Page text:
South Georgia Expedition Log

Welcome to: Kayaking to Save the Albatross South Georgia Island Expedition. This is a personal log by kayaker Hayley Shephard who is attempting a World First Solo Sea Kayak around this isolated Sub-Antarctic Island.

25 March 2010 | Bound for Ushuaia
24 March 2010 | Falkland Islands
23 March 2010 | Stanley, Falkland Islands
21 March 2010 | Onboard the Prince Albert II
20 March 2010 | Onboard the Prince Albert II
19 March 2010 | Onboard the Prince Albert II
18 March 2010 | Grytviken
16 March 2010 | Cumberland East Bay
15 March 2010 | Ocean Harbour
14 March 2010 | Prince Olav Harbor
13 March 2010
13 March 2010
12 March 2010 | Craigie Point
11 March 2010 | SALISBURY PLAIN
11 March 2010 | Salisbury Plain.
10 March 2010
10 March 2010 | Rosita Harbour
09 March 2010 | Rosita Harbour
07 March 2010
06 March 2010

Salisbury Plain

10 March 2010
Wednesday, March 10, 2010
March 10th, Day 11 Salisbury Plain

For those of you following my progress on the tracker you have probably noticed that I have gone backwards. Yep - the wrong way.

Today is the day for me to finally come to terms with the fact that I am not able to complete what I originally set out to do, my 10 year dream and 3+ years of a 'work in progress'....To solo sea kayak around South Georgia Island.

This morning, Keri informed me that she needs everyone ready to depart for our open ocean crossing to Stanley by March 12th/13th for our flights leaving Stanley March 27th.

For that we need to:

1.Be in a safe anchorage for all weather types and wind conditions which is a little limited around this lovely island.

2.I need to be in a position to be retrievable when it is time to depart. If I continue around the North end and over to the less predictable and wilder west coast, the weather window for the Northanger to come and get me will be limited. The weather this year has been unuaslly bad...high winds daily, very little sun, lots of snow and rain....All ships visitors and KEP base folk, all sailboats that have visited, all comment on the bad summer it has been.

It is time I accept whole heartedly the entire situation which has led to this extremely disappointing circumstance.

We were 20 days late in departing due to: Gregs injury, time it took to find another crew person, rotten weather which slowed us down sailing to Sth G and finally, my badly bruised and beaten kayak which needed a few 'touch ups'.

Aswell, due to the earthquake in Chile our international flights have been extremely difficult to change. We have been forced to change our routing which means we now need to find a way from Stanley to Buenos Aries which isn't as straight forward as it sounds.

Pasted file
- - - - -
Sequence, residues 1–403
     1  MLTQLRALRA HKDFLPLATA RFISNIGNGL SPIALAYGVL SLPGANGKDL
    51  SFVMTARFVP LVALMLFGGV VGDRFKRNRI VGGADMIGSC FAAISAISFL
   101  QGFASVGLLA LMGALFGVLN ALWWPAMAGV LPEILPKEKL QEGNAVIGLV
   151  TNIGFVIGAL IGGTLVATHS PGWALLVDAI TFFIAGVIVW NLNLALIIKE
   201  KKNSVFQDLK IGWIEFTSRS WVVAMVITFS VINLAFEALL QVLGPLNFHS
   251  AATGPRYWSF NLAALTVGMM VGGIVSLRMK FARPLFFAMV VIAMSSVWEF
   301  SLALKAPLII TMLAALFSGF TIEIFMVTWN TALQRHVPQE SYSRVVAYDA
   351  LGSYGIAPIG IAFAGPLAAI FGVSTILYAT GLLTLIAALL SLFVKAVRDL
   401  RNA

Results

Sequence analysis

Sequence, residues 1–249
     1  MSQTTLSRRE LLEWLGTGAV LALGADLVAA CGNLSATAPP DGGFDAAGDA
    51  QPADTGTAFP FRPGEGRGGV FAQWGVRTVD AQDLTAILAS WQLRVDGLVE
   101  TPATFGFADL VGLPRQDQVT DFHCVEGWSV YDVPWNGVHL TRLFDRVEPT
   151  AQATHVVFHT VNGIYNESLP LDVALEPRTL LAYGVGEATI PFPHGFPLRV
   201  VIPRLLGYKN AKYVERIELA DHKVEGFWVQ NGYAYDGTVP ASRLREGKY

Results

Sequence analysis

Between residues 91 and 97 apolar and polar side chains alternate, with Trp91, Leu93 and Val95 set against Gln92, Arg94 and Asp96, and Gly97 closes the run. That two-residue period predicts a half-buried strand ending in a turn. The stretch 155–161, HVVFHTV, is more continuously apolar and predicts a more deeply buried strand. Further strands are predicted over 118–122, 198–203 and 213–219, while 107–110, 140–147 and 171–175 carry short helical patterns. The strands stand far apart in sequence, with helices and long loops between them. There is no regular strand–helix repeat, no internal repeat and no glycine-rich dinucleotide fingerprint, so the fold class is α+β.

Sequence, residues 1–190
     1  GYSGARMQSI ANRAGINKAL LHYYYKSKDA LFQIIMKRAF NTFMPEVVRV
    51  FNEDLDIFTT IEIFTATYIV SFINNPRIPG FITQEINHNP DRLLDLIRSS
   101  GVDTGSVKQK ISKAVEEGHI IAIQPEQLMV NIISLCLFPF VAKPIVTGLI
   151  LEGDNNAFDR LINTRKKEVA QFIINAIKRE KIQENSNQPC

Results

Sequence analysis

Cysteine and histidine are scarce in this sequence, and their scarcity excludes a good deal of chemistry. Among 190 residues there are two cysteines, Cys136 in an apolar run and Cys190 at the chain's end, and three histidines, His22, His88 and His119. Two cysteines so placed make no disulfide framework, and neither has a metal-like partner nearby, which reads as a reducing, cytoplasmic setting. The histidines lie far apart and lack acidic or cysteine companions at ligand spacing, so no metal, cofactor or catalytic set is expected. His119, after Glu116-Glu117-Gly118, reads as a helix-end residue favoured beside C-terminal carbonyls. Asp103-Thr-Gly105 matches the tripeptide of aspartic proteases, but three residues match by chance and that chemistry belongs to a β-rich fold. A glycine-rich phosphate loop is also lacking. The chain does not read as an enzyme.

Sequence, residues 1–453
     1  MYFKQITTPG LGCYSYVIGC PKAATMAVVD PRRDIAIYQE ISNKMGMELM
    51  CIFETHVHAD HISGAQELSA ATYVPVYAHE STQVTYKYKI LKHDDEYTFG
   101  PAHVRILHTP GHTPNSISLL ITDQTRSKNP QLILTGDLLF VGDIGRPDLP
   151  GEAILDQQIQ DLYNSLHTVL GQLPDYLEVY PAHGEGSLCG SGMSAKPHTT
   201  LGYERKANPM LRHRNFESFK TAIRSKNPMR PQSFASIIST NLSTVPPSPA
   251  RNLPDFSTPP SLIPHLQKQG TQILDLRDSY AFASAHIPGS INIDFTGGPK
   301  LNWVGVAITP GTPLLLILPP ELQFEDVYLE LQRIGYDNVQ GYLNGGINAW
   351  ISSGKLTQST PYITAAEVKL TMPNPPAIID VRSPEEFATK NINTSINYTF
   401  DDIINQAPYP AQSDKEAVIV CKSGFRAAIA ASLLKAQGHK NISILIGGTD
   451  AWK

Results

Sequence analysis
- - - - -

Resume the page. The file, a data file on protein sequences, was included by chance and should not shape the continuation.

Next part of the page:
Keri has done a marvelous job at skippering the Northanger in this challenging region. It has been necessary for her to be extremely cautious due to the lack of Greg's expertise onboard which has caused limitations to the expedition.

Now as far as the crew goes:
Beth-Anne has a job she needs to get back to, Magnus is needed to sail his dads boat back to New Zealand, Brian needs to be returned to his dear wife Lin and Keri....
It's time for her to be re-united with her husband Greg who has recently had more of his finger amputated due to an infection and tragically his father suddenly past away back in New Zealand. Greg has been trying to get home for weeks now and the earthquake in Chile has caused the airport in Santiago to be closed and passengers waiting to fly out have been camping in tents in the surrounding airport area.
And finally, Dean is probably more than ready to dis-connect himself from his computer which he has been bound to for nearly 2 months.

Knowing what Greg must be going through with his unfortunate and terrible circumstances, makes my loss seem so little.

However I am experiencing a struggle in accepting the disappointment of not achieving my established goal and fulfilling this 10 year dream.

Part of it is the fact that now having been here, paddling, camping, navigating, weather interpreting etc I have come to realise that if all the circumstances did not occur, I would have been successful, I could have done it! However we can not go down the 'What if' road. It is what it is and it is no longer in my power to change things. For now I need to let my ego rest under the pebbles I am sitting upon as I write this, rise up to the new challenges of turning this 'not how I planned' expedition into an entertaining film, fabulous book and an inspirational presentation.